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Peugeot identification and help with BB model fitting

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Peugeot identification and help with BB model fitting

Old 07-24-18, 01:12 PM
  #26  
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Originally Posted by Fearslol View Post
Id say around 1250 , i dont have any preferences regarding to triple or double , 10 speed would please me. i live in a flat area so that would be perfect. i just want to keep the frame vintage , rest has to be new but black.

https://www.cafr.ebay.ca/itm/183098012004
https://www.cafr.ebay.ca/itm/391365155143
those are the 2 only parts i bough so far !
....I honestly don't think you have the background or experience to make your project feasible at this point.
I'm relatively certain the stem you bought, though black, will not fit your bike frame's steerer.

I don't recall what size post those take, but if your 22.2 seat post fits, I'd be very surprised.

My advice at this point would be to find someone nearby in the real world who has some experience with older French bicycles and modifying them.

Enthusiasm for a new project bike is great, but I'm dubious that anyone here can talk you through everything you need to know on the internet. And every time you buy something that is a mistake, it further drives up the price of your project. Honestly, I wish I could be more positive. I don't enjoy raining on parades. Anyway, good luck, godspeed, and maybe someone else can talk you through it.
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Old 07-24-18, 03:47 PM
  #27  
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Originally Posted by 3alarmer View Post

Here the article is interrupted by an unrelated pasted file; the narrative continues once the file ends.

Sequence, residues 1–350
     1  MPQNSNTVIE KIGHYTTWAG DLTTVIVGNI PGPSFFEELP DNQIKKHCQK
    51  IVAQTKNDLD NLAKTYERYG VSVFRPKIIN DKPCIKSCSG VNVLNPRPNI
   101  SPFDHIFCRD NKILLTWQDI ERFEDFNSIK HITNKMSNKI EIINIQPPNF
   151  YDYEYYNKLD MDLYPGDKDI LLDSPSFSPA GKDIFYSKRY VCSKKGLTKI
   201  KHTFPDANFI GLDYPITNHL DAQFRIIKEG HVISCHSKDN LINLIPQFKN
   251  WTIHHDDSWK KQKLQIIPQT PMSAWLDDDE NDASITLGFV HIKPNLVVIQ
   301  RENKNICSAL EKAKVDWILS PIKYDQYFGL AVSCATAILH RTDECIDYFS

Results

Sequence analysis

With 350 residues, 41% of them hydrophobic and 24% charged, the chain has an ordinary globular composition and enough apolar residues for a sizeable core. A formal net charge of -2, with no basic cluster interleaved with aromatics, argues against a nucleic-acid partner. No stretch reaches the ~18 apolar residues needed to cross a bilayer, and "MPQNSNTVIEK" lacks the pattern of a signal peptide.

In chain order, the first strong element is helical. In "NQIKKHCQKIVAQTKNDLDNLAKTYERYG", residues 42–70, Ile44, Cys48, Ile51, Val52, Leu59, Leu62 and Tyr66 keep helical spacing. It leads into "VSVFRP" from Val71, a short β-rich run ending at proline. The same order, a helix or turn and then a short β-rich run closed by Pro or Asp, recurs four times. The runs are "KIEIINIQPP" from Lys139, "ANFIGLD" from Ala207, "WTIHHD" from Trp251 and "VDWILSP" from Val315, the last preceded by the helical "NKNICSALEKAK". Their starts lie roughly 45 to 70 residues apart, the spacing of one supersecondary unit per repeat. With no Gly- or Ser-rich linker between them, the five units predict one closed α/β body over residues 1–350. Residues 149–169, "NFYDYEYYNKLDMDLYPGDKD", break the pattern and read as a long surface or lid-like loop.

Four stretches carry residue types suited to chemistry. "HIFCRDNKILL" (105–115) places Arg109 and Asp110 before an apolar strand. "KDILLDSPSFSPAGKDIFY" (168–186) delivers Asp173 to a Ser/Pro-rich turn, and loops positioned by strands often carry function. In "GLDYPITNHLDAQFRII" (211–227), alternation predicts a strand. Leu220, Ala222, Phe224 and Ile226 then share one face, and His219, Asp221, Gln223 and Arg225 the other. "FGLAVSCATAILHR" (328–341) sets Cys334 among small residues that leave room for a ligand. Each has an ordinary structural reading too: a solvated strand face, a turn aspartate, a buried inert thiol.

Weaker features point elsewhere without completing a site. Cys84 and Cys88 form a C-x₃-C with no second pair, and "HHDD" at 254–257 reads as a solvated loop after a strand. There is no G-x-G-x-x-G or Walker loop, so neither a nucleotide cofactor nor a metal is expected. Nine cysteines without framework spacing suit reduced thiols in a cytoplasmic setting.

....I honestly don't think you have the background or experience to make your project feasible at this point.
I'm relatively certain the stem you bought, though black, will not fit your bike frame's steerer.

I don't recall what size post those take, but if your 22.2 seat post fits, I'd be very surprised.

My advice at this point would be to find someone nearby in the real world who has some experience with older French bicycles and modifying them.

Enthusiasm for a new project bike is great, but I'm dubious that anyone here can talk you through everything you need to know on the internet. And every time you buy something that is a mistake, it further drives up the price of your project. Honestly, I wish I could be more positive. I don't enjoy raining on parades. Anyway, good luck, godspeed, and maybe someone else can talk you through it.
The stem on the fork is 21mm and the one i bought is 21.1mm so yes i will have to make it happen, maybe san it a bit down. You sure dont like to rain on parade but you do. Trying to get as much info as i need to get started. The seatpost is a bit smaller actualy there is not many option around option im aware thanks. If you have any advice on what to get you're more than welcome. thanks
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Old 07-24-18, 06:38 PM
  #28  
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Compatible Parts for Vintage Peugeot
French Bikes


...it's a relatively well covered topic. Google is your friend.
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Old 07-24-18, 08:06 PM
  #29  
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A French steerer tube takes a 22 mm stem rather than the 22.2 stem of modern bikes. It is not that hard to sand down a 22.2 stem to fit a Peugeot. If your new stem is indeed 21mm, it may actually be a bit sloppy.

Many inexpensive French bikes came with an insert at the top of the seat tube. With the insert, the interior diameter of the bikes I have measured is 24mm. My AO-8 pictured above did not have an insert and had an impossible-to-find interior diameter of 25.5. I was able to get seatposts in 25.4 (too small) and 25.6 (too large.) I went with the 24.4 and a thin shim. It has been perfectly solid. On the bikes with the insert, I bought Kalloy seat tubes in 24mm.